Spicing up your Christmas Dinner with Health Benefits
I have always absolutely loved Christmas. My back garden is often lit up with hundreds of twinkling lights which I can see through my kitchen window.
Christmas dinner is something which all my family love. We always spend it with the in-laws who travel from leafy Tytherington, which I suspect you might need Google Maps to find. We pull out all the stops to make Christmas Day a special and memorable occasion.
With the turkey in the oven on a slow roast, I can prepare my stress-free Christmas dinner sides. I love easy to prepare and tasty recipes with hints of spices, which contain amazing health benefits too. I use the spices in a subtle way, just enough to tease the vegetables.
Like most households up and down the country, we all eat until we can’t move on Christmas Day, that last roast potato is characteristically one too many. I add warm and bitter cumin seeds to my roast potatoes, along with roasted red onions. Cumin is excellent for digestion and red onions play an important role in blood sugar regulation, as they contain a mineral component called chromium. Most importantly this flavour combination creates delicious tasting roast potatoes.
I love to roast carrots and parsnips whole. A great twist for roasted parsnips is to use maple syrup and mandarin peel. I then finish them with nigella seeds which have a pungent, bitter and peppery flavour. Nigella seed oil is believed to help reduce blood pressure.
Try caramelising carrots with chilli flakes, jaggery and a hint of orange liquor. I prefer using jaggery instead of honey. Jaggery is unrefined sugar, made from sugar cane. It is also known to detox, the body, as it helps cleanse the liver by flushing out toxins.
I know that some people don’t like Brussels sprouts, but honestly I have to have them on my table on Christmas Day. My boys never really liked Brussels sprouts, so I came up with this recipe some years ago. I use sweet chestnuts to balance out the bitterness of the sprouts and add crushed coriander seeds. I then finish the sprouts with butter and garlic. Chestnuts are rich in vitamin C and coriander seeds are thought to play a role in keeping arteries clear of bad cholesterol.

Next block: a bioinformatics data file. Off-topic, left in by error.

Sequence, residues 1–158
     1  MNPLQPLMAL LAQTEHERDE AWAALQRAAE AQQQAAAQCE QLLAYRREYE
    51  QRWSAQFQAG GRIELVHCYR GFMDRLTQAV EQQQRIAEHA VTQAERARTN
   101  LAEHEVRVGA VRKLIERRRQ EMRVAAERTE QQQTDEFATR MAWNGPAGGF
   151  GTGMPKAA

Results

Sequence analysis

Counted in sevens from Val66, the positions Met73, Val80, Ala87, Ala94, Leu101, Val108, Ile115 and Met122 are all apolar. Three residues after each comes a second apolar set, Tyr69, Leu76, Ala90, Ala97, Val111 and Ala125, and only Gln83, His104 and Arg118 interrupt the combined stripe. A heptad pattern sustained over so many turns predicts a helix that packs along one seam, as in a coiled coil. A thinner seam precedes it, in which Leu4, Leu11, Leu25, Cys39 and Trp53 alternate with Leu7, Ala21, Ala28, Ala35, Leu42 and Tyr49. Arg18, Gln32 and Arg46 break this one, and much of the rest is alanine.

Red cabbage is one vegetable which my whole family loves. It is really easy to make and I add cinnamon, star anise and fresh ginger which produces an incredible flavour, all three are powerful antioxidants.
The centrepiece of my Christmas table is a great big fat turkey! I really take my time to make it as tasty as I possibly can. I create a marinade of cumin, crushed coriander seeds, cinnamon, cayenne pepper, cloves, natural yogurt, white wine vinegar, butter, oil and rock salt. As a finishing touch, I place slices of lemon under the skin. I marinate the turkey overnight.
All these recipes are relatively simple, very tasty and don’t take long to prepare, so that you will have plenty of time to spend with your loved ones on Christmas Day.